The wind and solar industries are bracing for another verbal assault and an extended period of policy indifference from the federal government, after a senior Coalition MP likened renewable energy to “dole bludgers’, the government funnelled $4 million into a study for a new coal fired power station in Queensland, and so-called government “moderates” declared their support for nuclear.
Despite the plunging costs of solar, wind and storage, the war against renewables is accelerating dramatically as the government comes under pressure to improve its climate policies, and even consider re-instating the long term zero carbon pledge for 2050 that it scrapped, along with the carbon price, in 2014, and which all states have since adopted.
But the language against wind and solar is now being scaled up to levels not seen since the Abbott government, when the prime minister, the then Treasurer Joe Hockey and others railed against the sight of wind farms, including on their drive down to Canberra.
Barnaby Joyce, the former deputy prime minister whose electorate of new England hosts some of the state’s biggest wind and solar projects, ranted against both wind and solar last week after losing his bid to regain the leadership of the LNP.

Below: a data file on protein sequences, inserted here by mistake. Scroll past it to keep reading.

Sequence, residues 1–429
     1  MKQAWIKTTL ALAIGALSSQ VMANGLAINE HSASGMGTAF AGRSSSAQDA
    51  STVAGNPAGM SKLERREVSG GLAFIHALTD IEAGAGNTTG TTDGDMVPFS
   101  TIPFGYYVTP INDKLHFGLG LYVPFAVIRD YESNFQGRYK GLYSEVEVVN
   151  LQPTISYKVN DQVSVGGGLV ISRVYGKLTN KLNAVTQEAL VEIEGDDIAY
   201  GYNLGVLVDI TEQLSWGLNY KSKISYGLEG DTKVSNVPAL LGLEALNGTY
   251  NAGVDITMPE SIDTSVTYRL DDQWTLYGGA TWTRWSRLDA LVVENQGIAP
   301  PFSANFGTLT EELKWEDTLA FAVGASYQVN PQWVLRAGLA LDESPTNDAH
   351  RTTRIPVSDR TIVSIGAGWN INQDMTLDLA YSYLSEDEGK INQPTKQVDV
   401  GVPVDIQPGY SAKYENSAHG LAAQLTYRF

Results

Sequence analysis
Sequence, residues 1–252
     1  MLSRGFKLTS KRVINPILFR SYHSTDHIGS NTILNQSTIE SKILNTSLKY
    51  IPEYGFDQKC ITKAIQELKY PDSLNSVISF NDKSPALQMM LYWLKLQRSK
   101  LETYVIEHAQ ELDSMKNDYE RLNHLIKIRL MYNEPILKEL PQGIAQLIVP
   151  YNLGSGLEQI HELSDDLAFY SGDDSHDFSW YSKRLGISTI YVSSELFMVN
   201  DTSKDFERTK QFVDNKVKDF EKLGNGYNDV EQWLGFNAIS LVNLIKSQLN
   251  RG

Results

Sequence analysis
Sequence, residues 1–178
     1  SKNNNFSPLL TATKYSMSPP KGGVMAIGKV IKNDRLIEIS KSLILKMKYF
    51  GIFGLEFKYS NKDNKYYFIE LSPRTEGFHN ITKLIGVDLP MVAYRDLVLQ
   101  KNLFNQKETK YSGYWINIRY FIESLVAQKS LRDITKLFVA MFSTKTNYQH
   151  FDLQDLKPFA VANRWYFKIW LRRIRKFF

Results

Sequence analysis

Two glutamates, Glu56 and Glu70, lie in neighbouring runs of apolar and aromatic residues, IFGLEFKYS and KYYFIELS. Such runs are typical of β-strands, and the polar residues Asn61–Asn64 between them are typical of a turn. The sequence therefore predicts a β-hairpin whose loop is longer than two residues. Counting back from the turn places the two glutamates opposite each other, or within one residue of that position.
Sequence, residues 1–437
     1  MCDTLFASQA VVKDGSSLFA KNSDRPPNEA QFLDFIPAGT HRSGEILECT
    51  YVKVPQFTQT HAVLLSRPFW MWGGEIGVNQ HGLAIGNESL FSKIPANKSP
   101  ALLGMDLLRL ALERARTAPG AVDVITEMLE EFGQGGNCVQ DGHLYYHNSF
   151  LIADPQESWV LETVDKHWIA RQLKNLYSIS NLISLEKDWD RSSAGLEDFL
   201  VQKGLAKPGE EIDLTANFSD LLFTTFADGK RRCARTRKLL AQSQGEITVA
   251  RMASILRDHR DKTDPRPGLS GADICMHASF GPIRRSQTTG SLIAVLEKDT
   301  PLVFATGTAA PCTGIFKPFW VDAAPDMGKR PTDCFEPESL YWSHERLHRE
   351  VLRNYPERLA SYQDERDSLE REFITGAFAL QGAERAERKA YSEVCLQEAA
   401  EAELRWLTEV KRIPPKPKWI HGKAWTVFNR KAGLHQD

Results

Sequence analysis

Matt Canavan, the former resources minister who backed Joyce in that failed leadership bid, and resigned after revealing his membership of a sports club that received a $20 million loan from a government fund that Canavan had responsibility for, went one step further on Monday.
“Renewables are the dole bludgers of the energy system, they only turn up to work when they want to,” Canavan wrote in an opinion piece in the Courier Mail that also got a page one headline. The opinion piece – from the man who likes to describe himself as “Mr Coal” – argued that only coal would support Australia’s mining and manufacturing industries.
The views of the LNP and the hard right of the Liberals are well known, but even so-called “moderate” Liberals are now arguing that wind and solar cannot be relied upon to power a modern economy, and nuclear should be open as a low carbon choice.
Katie Allen,the MP for Higgins, wrote as much in Nine Media over the weekend, repeating a claim she made in her parliamentary debut. Those views are reportedly supported by other Liberals also described as moderates, including Trent Zimmerman, and Tim Wilson, whose previous job was climate policy director for the climate-denying Institute of Public Affairs.
The demonisation of wind and solar also extends to the media. The Murdoch position against wind and solar is well established, but it is infused also into the ABC, which – appallingly – ran as its headline story on radio National on Monday morning a split in the Coalition between “cheap” coal and low emissions technology, as though it was matter a fact.
This is either the result of ignorance, or stupidity. In either case, it is inexcusable, although sadly not atypical. There is no study that points to new coal generators being the cheapest option to replace Australia’s ageing coal, polluting and increasingly decrepit fleet.
AEMO, in its Integrated System Plan, also makes it clear that renewables can power Australia’s modern economy and manufacturing sector. Its 20 year blueprint assumes a 74 per cent share of renewables in Australia’s grid as a minimum by 2040, and up to 90 per cent – a level that will dramatically reduce emissions – by around 90 per cent. The lights will stay on.